The process will now be described in detail. In such description reference will be made from time to time to the attached drawings appended to and forming a part of the specification and wherein Y FIG. 1 is a schematic view of one manner of practicing 'the invention,
FIG. 2 is a further illustration in schematic form of a. manner of practicing the process,
FIG. 3 is an elevational sectional view of an impact milling machine exemplary of a milling device which may be used in practicing the invention, while FIG. 4 is a top view partially in sections ofthe apparatus illustrated in FIG. 3.
' Referring to FIG. l it will be seen that the first step in the tapioca starch recovery process is the harvesting,
l chipping and drying of the crop. The chipping and drying 'of the raw material, i.e., the farm. Since degradation of the harvest begins almost immediately it is most `advantageous that thechipping and drying steps be effected with no greater lapse of time than forty-eight hours after By completing these steps within the specified time limit the spoilage of the harvest may be substantially reducedV resulting in la much higherquality product.
The chipping operation may be carried out in any desired fashion. It is essential, however, that the chips be 'uniform Vand preferably of a thickness on the order of 1.5 to 3 mm. ,The necessity for uniformity in thickness will become apparent.
After the tapioca is chipped, the chips are dried to reduce their moisture content to not less than and for most effective operation of the process, not more than V% moisture content. There are, of course, machines available for drying. However, it has been found that Vsuccessful drying can be carried out in the sun. This is tent it has been found that they may be readily stored without spoilage. This fact is of signicant economical importance. First, since the chips are storeable, it means that a starch processing plant of a fused capacity may be used on a continuous basis, resulting in steady month-to- Y month operation, and, secondly, it means that the sources of the. raw material are not limited solely to areas` immediately adjacent the processing plant.
With the chips in a dried condition they may be used in two ways. As shown in FIG. 1 the dried chips may be stored in a suitable warehouse and used as needed; or they may be introduced Vdirectly into the next phase of the process; or combinations of stored and freshly dried chips may be used in this phase as may be found desirable.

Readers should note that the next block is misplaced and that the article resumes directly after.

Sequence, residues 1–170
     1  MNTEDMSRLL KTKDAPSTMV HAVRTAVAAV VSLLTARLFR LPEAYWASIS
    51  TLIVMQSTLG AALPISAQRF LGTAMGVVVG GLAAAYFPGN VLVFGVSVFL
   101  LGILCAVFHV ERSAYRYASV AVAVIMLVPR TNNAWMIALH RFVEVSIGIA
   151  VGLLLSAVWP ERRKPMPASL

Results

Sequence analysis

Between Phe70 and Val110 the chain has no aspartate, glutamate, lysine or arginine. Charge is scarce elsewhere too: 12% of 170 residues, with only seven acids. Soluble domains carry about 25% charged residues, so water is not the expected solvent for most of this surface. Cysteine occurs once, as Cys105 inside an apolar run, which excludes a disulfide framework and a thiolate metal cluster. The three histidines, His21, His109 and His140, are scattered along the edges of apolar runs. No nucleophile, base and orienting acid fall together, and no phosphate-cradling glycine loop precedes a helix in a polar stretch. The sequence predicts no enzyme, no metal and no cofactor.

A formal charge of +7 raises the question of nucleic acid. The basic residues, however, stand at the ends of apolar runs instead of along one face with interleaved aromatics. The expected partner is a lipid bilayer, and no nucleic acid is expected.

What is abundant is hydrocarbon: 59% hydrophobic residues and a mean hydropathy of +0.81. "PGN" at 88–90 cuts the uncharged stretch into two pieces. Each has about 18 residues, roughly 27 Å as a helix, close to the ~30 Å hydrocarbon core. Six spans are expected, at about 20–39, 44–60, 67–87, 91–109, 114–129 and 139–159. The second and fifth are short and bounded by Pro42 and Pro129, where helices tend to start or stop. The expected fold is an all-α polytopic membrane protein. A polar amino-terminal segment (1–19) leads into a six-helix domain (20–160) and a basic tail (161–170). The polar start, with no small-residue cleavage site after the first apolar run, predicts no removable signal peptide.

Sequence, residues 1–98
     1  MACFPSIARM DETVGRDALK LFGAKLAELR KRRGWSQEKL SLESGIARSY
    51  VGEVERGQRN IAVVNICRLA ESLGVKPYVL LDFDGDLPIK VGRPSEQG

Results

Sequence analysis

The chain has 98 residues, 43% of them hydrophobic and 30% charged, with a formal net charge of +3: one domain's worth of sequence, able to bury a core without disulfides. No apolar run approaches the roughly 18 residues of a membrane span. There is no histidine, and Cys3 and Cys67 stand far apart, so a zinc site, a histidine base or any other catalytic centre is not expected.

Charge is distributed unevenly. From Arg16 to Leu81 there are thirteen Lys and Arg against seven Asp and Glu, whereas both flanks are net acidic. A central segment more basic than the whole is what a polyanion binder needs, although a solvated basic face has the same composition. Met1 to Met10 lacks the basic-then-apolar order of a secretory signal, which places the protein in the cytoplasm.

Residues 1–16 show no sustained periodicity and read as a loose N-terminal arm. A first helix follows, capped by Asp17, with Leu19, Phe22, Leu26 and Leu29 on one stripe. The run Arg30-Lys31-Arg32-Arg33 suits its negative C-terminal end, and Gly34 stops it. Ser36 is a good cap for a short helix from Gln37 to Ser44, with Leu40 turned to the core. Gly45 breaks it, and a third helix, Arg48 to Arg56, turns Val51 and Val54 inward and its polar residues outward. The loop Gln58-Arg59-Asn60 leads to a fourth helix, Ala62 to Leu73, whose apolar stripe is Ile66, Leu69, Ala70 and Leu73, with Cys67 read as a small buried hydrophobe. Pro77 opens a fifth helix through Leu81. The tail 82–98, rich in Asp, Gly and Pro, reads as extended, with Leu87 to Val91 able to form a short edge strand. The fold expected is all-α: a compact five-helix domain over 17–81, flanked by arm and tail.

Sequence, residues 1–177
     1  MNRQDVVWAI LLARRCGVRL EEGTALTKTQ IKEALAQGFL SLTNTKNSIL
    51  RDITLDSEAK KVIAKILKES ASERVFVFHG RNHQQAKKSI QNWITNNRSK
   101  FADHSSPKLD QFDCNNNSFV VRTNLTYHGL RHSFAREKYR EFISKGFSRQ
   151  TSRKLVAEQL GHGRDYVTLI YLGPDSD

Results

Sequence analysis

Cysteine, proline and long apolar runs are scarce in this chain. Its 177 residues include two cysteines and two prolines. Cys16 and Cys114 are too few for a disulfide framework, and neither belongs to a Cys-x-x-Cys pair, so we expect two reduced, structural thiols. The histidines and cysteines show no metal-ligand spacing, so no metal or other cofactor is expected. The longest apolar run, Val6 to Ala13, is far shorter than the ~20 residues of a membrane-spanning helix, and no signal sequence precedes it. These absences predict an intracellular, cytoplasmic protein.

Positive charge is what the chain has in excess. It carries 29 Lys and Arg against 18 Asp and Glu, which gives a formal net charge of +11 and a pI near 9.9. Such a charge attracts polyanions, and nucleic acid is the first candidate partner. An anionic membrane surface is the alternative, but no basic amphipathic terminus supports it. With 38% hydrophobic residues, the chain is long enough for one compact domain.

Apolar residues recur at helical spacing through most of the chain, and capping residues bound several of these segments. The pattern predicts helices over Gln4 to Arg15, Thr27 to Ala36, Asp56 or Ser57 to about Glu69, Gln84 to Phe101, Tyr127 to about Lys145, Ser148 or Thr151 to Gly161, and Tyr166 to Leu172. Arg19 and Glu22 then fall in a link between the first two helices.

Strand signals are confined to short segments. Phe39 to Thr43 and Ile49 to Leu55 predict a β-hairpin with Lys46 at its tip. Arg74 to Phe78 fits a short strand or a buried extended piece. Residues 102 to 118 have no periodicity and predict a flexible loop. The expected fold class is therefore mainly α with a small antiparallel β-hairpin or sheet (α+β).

The next phase of the process, las illustrated in FIG. l is the -initial milling operation. The dried chips from storage or those freshly dried may be conveyed by any desired conveying system 1 to an impact milling device 10. Because of the fact that this milling operation is so essential to the process it will be described in detail, reference being made to FIGS. 3 `and 4 during this detailed description, keeping in mind the fact that the tapicoa chips are dry, i.e., have a moisture content from 10% to 15% and are uniform, about 1.5 to 3 mm. in thickness.
Referring to FIGS. 3 and 4 it may be seen that the impact milling device is comprised of a two part housing 3 and 5, the upper part 3 being joined to the lower part 5 by means of a series of bolts 7 passing through mating peripheral flanges 9 and 1'1 respectively. The housings as a unit are generally annular in form when viewed from the top as in FIG. 4 and define a hollow interior. Within the interior and fixed between the housings 3 and 5 are a series of vertically disposed circumferentially spaced pin elements 13. The shape of these pin elements in cross section may assume various forms. For sirnplicitys sake, however, they are shown as being comprised of a plurality of sleeves held between the housings by bolts 15. These series of pins 13 thus define an annular cage. It will be noted further that the pins are spaced diametrically inwardly of the outer wall defined by housing parts 3 and `11.
Within the cage defined by pins 13 there is positioned a rotor assembly 20. This rotor assembly is comprised of two disc like members 17 and 19 in concentric, vertically spaced relation, and held in this assembled relationship by a series of spaced pins 21 disposed at their periphery. These pins 21 are similar to the pins 13 and are vertically disposed and circumferentially spaced. The top disc '17 is supported by lower disc 19 and differs therefrom in that it is provided with a central aperture 23. The lower disc 19, on the other hand, is directly mounted upon and supported by a shaft 25 such that the entire assembly denes a rotating cage.
As shown in FIGS. 3 and 4, the upper housing part 3 is provided with a tubular inlet 27 which -comprises a tube having its lower end 29 extending into the interior chamber defined by housing parts 3 and 5 and terminating just below the plane of the disc 17 of rotor assembly 20. This lower end 29 projects into the opening 23 provided in disc 17.